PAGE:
Internet Privacy: Let's Begin

Why is this stuff important?

Surveilling people's lives has never been easier at any point in human history. Now any company or person with enough money can use readily available technology that comes with experts in their use. These technologies will sniff through your entire life online. You can be sorted into a wide array of granular categories for quite literally any purpose.

Are you an introvert or an extrovert? A fantasy book genre fan? Politically active? Gay? The companies that are paying to collect this typically don't care about the answer outside of the increased ability to sell you their product. The people who requisition or steal that data however absolutely do.

Examples across the world

Facebook scanning Facebook Messenger app

Huawei Uighur surveillance

Cambridge Analytica

Barriers to privacy/How is this used for "good"

Something that tends to get lost in articles like these is why there are so many proponents for increased internet surveillance. The answer also varies quite a bit but it can generally be sorted out into these categories:

  • Marketing: The ability to gain highly specific, highly relevant market data allows companies to find and create many new customers.

  • Elections: Elections are highly competitive especially in the highest levels. Knowing exactly which areas to focus your campaigning on for achieving the maximum votes is incredibly valuable.

  • Law Enforcement: There is some cross-over with the national security category but this has distinct qualities. Law enforcement agencies can benefit significantly from authorizations to track criminal activity on the internet. Above all else, human trafficking is the most touted justification by far across a range of countries for increased law enforcement surveillance capabilities.

  • National Security: Be it anti-terrorism, counter-intelligence, intelligence gathering, sabotage, and so much more, every state that can afford it has huge incentives to troll the internet for information.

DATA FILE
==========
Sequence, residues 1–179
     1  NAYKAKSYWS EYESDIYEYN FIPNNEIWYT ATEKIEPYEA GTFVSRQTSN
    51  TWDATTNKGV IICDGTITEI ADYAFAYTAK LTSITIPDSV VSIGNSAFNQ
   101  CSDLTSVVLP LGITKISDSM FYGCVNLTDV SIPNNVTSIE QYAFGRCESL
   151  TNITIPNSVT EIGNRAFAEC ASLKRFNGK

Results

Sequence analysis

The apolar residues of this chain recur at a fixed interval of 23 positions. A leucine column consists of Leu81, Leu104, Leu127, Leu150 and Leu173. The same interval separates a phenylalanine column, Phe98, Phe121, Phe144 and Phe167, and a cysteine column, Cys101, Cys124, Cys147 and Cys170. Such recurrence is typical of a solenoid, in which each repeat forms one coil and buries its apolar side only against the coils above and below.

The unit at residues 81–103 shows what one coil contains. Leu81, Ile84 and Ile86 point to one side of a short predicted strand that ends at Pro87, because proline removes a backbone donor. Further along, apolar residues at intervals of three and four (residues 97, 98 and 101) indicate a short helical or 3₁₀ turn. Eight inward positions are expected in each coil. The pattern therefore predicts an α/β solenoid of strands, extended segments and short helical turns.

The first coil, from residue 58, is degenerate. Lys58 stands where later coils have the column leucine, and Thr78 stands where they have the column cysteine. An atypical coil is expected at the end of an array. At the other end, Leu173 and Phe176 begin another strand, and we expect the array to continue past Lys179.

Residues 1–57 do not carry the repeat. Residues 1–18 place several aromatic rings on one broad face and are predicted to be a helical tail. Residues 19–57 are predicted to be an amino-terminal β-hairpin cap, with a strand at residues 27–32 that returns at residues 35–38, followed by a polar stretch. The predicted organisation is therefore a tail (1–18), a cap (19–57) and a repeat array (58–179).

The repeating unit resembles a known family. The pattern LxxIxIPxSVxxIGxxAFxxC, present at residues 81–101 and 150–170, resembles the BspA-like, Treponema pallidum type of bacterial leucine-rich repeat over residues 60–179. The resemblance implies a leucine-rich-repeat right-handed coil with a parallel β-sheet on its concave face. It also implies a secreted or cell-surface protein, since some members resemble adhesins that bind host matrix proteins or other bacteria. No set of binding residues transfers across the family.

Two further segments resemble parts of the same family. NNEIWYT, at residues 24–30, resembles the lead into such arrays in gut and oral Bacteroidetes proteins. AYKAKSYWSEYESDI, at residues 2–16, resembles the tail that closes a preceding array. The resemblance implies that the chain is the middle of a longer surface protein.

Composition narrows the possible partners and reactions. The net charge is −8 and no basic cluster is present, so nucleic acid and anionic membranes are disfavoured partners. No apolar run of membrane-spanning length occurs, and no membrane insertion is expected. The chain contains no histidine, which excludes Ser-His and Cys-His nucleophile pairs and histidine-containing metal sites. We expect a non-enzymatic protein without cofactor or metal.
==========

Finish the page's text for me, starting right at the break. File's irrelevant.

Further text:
Threat Modeling 101

Threat models are a useful way to think about problems when you don't know where to start. What is it that you are concerned about and how many resources are you willing to put towards addressing it? So let's work through this together.

  • Define the problem: What exactly is it that has you concerned? It is very important to be realistic here so you aren't making life harder on yourself. Most people are just contending with the marketing and elections categories defined above which is much easier to address. If you do not have a specific, well-reasoned, answer as to why a government would dedicate efforts to going after you, save yourself the paranoia and discomfort.

  • State your desired solution: The next step is to figure out what you would like to do about it. Don't worry too much about costs or technical difficulty at this point. The key here is to sketch out something that could work so you can refine it later. Something to remember is that maintaining true anonymity on the internet requires a great deal of effort and will severely degrade your ability to use information technology. For most people, just making the life of tech companies harder is a good enough solution to staunch the flow of information.

  • Define your resources: Now that you have a starting and ending point, it's time to figure out what you're willing to do to achieve the goal. Money is typically the smallest commitment for privacy. Instead, think about the time and patience required to maintain your solution.

  • Do resources meet solution requirements?: Are you willing to do some set-up each and every time you connect to the internet? Or is convenience king? There are costs and benefits to each direction. No matter what, you don't want to end up in a situation where you just start bypassing your own protections for convenience.

  • Adjust resources or solution requirements as needed: If you find that there's a mismatch, it's time to make hard choices. It is somewhere between pointless and dangerous to enact a plan that you can't afford. Especially if there are high stakes to your anonymous usage of the internet, it is critical that what you've picked actually works consistently.

  • Implement plan and evaluate for effectiveness: Use websites like those linked below to find out how well your privacy plan works in action. The bare minimum of success should be that you cannot be easily tracked by companies. You will see mentions of unique fingerprints. Those are significantly more difficult to deal and as such are out of scope for this particular article.